What the PewDiePie “Scandal” Can Teach Us About the Importance of Context and Minimizing Harm

If you have been on the internet at any point since Valentines Day of this year, you have likely seen a large amount of controversy surrounding YouTuber “PewDiePie,” who has over 53 million subscribers. But are the claims made about Felix Kjellberg, the Swedish creator of the YouTube channel, only being made by some news organizations to get clicks on their content?

Kjellberg has more viewers of his entertaining and comedic content than any other channel, as well as a large number of brand deals. Two of those deals ended earlier this month after The Wall Street Journal accused him of creating videos with “anti-semitic” messages: a YouTube Red show called Scare PewDiePie and a collaboration with Disney’s Maker Studios.

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YouTube and Disney severed ties with YouTuber PewDiePie after the Wall Street Journal accused him of creating “anti-semitic” videos in February 2017. Image source: CRAVEOnline

The Wall Street Journal’s largest supporting evidence of the claim against Kjellberg was a video that he made in January which demonstrated his use of the service Fivver, an online platform where users can pay as little as five dollars to have nearly any type of work completed for them. In the video, he paid two Indian men to hold up a sign which read “death to all Jews.” The video has since been deleted, but has been re-uploaded to YouTube by other users. (Watch below)

Kjellberg has since apologized for the offensive comments and stated that he was only trying to uncover the lengths that some will go for just five dollars. He has acknowledged that his jokes were made in poor taste in his February 16 video, “My Response.” (Below)

In the video, Kjellberg also denounces the actions of the Wall Street Journal for writing the article, claiming that the publication did not reach out to him for comment about his videos. According to his video, The Wall Street Journal spoke to his sponsors and business partners rather than giving him a chance to comment. Kjellberg called the events “an attack by the media to try and discredit me, to try and decrease my influence and my economic worth.”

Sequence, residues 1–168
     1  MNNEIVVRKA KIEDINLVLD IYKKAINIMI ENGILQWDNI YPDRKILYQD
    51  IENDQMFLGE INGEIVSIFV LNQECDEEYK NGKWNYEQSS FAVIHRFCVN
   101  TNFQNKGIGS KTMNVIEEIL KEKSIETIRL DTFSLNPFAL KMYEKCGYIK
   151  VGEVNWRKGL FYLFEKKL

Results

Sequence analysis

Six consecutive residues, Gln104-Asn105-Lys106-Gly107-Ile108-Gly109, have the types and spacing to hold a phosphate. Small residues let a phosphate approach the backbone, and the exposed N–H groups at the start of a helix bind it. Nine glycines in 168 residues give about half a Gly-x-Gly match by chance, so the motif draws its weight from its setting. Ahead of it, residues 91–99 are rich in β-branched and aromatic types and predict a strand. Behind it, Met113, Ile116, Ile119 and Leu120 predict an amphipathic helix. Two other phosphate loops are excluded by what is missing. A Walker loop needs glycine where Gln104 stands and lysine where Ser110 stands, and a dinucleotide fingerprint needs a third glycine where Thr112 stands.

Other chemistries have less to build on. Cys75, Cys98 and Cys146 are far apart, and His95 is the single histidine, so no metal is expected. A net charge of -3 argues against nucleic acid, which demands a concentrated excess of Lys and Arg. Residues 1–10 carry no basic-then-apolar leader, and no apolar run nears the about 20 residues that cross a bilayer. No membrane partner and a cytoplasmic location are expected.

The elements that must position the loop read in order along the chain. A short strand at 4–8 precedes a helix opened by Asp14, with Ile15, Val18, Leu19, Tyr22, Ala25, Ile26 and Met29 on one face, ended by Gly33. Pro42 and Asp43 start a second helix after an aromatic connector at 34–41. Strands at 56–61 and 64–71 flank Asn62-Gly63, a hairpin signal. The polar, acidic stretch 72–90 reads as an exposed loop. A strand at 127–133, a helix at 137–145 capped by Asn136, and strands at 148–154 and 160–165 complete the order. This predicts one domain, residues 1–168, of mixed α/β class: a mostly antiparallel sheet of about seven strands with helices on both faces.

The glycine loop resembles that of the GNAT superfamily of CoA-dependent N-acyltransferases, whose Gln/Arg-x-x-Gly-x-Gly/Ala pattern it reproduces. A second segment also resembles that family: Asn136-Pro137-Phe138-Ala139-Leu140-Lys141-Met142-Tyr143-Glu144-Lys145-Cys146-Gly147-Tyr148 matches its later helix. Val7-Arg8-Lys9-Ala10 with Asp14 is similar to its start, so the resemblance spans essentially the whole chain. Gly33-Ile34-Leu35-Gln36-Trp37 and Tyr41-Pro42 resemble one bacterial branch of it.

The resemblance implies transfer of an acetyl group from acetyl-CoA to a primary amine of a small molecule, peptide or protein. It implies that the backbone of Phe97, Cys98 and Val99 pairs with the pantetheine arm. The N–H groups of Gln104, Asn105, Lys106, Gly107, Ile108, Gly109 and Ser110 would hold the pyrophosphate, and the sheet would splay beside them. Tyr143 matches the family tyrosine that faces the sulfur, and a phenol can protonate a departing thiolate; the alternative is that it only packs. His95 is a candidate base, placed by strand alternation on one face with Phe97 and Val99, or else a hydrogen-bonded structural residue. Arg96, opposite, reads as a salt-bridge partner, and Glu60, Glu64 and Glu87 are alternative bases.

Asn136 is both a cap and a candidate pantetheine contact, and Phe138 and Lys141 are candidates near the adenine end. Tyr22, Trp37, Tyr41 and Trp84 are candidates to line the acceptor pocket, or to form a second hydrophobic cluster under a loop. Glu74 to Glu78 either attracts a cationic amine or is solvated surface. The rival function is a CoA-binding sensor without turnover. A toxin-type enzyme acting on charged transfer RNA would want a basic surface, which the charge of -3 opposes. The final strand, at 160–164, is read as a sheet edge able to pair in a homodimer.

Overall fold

While it can be seen as unethical of Kjellberg to make offensive jokes, his job is to entertain. The Wall Street Journal’s job is to be unbiased and minimize harm — values that the writers of the article did not adhere to by costing Kjellberg a substantial amount of income in brand deals without reaching out to him for a comment.

Even more scandalous, followers of the PewDiePie channel have found old tweets from Ben Fritz, one of The Wall Street Journal’s three reporters who wrote the article, which are also “anti-semitic” and racist in nature.

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The questionable tweets were written by Wall Street Journal Reporter Ben Fritz between 2009 and 2015. Image source: TheSun

Kjellberg posted a video on February 24 in response to seeing Fritz’s tweets, in which he had the two Indian men from the video which caused the initial uproar hold up a sign reading “HypoFritz.”

Maintaining credibility as a journalist is more important now than ever; especially in a time where the press is being deemed “fake news” by our President. It seems to me that The Wall Street Journal may have only written this piece to create a controversial conversation and gain clicks and revenue on their website, since it seems to violate the code of journalistic ethics in more than one way.

Context is important, and sometimes there is more to a story than what meets the eye in a catchy headline.

This article was originally posted on chelsiearnoldblog.wordpress.com — a blog I created for “Applied Writing for the Media” (Communication 410) at Eastern New Mexico University. 

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